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# Common Core Standards: Fractions (Part 2)

Video transskription

-[Voiceover]So here with Bill again. We're just going to
continue our conversation of essentially the
progressions of fractions in the common core through the grades. And one thing that you
wanted to clarify, Bill. -[Bill] Ya, well so, I'm
glad you made that comment at the end of the last video about when I was talking about the example where you compared two thirds and
three fifths in grade three, and you were saying "ya, that would "be more of a discovery thing." And you're absolutely right that. Actually dividing into
fifteenths is beyond the grade three standards. So, there's a little
footnote in the standards that says in grade three
you can subring denominators of two, three, four, or six, or eight. So, I just wanted to point that out. Now that doesn't mean you couldn't do that example in grade three, but it's beyond the grade three expectations. -[Voiceover] I see so
these would be, since you have five as a denominator,
that's getting us more into the grade four--
-[Bill] Right. -[Voiceover] into the grade four standard. Okay--
-[Bill] Grade three is really -[Bill] meant to be focused
on pretty gentle introduction, really anchoring the idea
of a fraction as a number. -[Voiceover] Okay, after your video is, maybe it will get unfrozen. We can continue to chat,
we can hear you just fine. -[Bill] Okay. -[Voiceover] I'll move it off here. -[Bill] So that we don't have me looking soulfully into the distance. -[Voiceover] (laughs) That's right. -[Voiceover] Why's he looking away? Continuing with the kind of
progression as we go through B dot four NF B dot three,
understand a fraction A over B, with A greater than the sum of fractions one over B. So this is one over B plus one over B plus one over B, you have three of these. It's just three over B. -[Bill] Right, and this is the beginnings of fraction addition. So, one of the other things
about the common core that I think is important
is that it's really focused on unit fractions and thinking of a fraction as a certain
number of a certain unit like three-fifths,
the unit is one-fith and you're taking (mumbling). And then you can use
that, or three-quarters is quarter plus a quarter, plus a quarter. You know, that's something you discover. I mean the definition
of three quarters was that you put those three quarters together and count them out along the number line and you say, oh well that's putting three quarters together, so that's a sum. And moving to thinking of that fraction as a sum of unit fractions is preparation for adding fractions. Then you just add like three quarters and five quarters, you
going to add the same way you add three and five. You've got quarter plus
a quarter plus a quarter. And you've got quarter, plus a quarter, plus a quarter, plus a
quarter, plus a quarter. And you put them together
-[Voiceover] ya. -[Bill] eight quarters adding up together. And you've got eight quarters So, you want kids to just
see fraction addition, with like denominators
as just and extension of the operation of whole number addition. -[Voiceover] Right, right
and all these substandards of B dot three are really kind of building that--
-[Bill] Um hum -[Voiceover] Oh I guess, you actually are starting to add and subtract mixed numbers with like denominators
with equivalent fractions. This is essentially decomposing a fraction to a sum of fractions of the same denominator, understanding it. So this is kind of that core meat of it, exactly what you just--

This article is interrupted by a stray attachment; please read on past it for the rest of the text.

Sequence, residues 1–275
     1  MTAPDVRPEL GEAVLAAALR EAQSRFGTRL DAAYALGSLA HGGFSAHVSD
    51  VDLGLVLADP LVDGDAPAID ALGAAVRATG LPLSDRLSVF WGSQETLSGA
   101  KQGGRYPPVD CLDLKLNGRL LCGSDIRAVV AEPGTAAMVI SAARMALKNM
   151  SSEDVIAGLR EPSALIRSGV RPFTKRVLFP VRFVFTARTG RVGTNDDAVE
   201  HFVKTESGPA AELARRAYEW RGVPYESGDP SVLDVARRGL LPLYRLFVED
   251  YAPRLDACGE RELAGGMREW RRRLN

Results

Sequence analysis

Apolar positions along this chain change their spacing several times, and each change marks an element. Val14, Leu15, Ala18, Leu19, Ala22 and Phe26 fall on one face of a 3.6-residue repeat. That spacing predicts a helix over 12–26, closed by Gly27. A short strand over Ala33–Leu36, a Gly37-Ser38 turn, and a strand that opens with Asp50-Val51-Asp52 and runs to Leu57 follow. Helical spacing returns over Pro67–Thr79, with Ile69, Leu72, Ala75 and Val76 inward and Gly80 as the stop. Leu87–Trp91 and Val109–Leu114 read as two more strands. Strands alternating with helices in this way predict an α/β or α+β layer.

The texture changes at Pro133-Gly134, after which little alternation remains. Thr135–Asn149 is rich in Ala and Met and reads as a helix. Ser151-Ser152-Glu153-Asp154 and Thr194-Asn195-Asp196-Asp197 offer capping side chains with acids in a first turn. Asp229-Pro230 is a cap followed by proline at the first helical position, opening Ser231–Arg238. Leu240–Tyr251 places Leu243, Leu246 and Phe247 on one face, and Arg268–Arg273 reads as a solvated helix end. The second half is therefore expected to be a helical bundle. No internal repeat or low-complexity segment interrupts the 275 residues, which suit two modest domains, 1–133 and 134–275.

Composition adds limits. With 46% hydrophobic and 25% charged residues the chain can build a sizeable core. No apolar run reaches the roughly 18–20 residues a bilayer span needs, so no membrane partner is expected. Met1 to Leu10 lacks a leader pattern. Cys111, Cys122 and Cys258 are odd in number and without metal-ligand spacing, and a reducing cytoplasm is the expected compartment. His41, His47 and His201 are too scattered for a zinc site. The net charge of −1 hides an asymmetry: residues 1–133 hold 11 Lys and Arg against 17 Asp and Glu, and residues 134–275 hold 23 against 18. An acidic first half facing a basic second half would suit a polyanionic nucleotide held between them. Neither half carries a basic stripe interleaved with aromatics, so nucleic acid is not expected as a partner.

-[Bill] That's right, and -[Bill] this is a sort
of conceptual build up. One of the problems with fractions for a lot of people is that they think that they're completely
different from whole numbers. The way you add them looks different, right?
- [Voiceover] Um hum. -[Bill] The algorithm for
adding two fractions looks very different from
adding two whole numbers. But conceptually the addition is the same, it's just a certain bunch
of a number of units and you're putting these
together on the number line. So building that unity of
fractions as part of the whole number system, and
it's making sure that the operations of addition and then later on multiplication and division. Making sure that all
those operations just grow naturally as extensions of
whole number operations. That really builds a sense of number as a unified number system. -[Voiceover] You hit it
not just with a traditional decomposing it into fourths, so to speak, if we're thinking about
four as the denominator, or the addition of
subtraction, but also that it could be, if we're
thinking about fifths, it could be a one-fifth plus four-fifths. It could be one fifth, plus
two fifth, plus two fifths. All of the different
permutations really hits that- -[Bill] Exactly.
-[Voiceover] conceptual idea. -[Bill] (connection breaks
up)thing here is in the equivalence in the grade
three equivalence standard, this is another thing I
didn't mention before, but one important
equivalence is understanding that, one a whole number is
equivalent to a fraction. That is to say like three-thirds is one. Six thirds is two.
-[Voiceover] Right. -[Voiceover] Okay, so that
happens as early as third grade. -[Bill] that starts to
happen in third grade and then once you have
the general rule for equivalence of fractions in grade four it's an important instance of that. -[Voiceover] Right, right,
and also in grade four, you start to think about multiplying, you know, here you see
understanding fraction A over B as a multiple of one over B. It kind of ties to what
we just talked about where if you--
- [Bill] Right. -[Voiceover] if you already know that if one-fourth plus
one-fourth, plus one fourth is equal to three fourth. The students already know multiplication and so they can say,
"well this is literally "three one fourths."
-[Bill] Right, right. -[Bill] And that's an important, they've understood
multiplication earlier on in grade three as equal groups. Three fours is three equal groups of four. Three fourths is three equal, well, you maybe don't call them groups anymore, but three equal portions of a quarter. And again, the idea is to link back to previous understandings of multiplication. -[Voiceover] Ya, and
there's multiply a fraction by whole numbers and solve word problems. And then we start to go
into things that are, I guess, laying the
foundation, or, I guess, not even just foundation, being able to realize that decimals are
really just a representation of fractions.
-[Bill] Exactly. -[Voiceover] That's what
we see right over here. -[Bill] They're not
(computer breaking up) like another sort of number, they're
a way of writing a number. -[Voiceover] Right, right,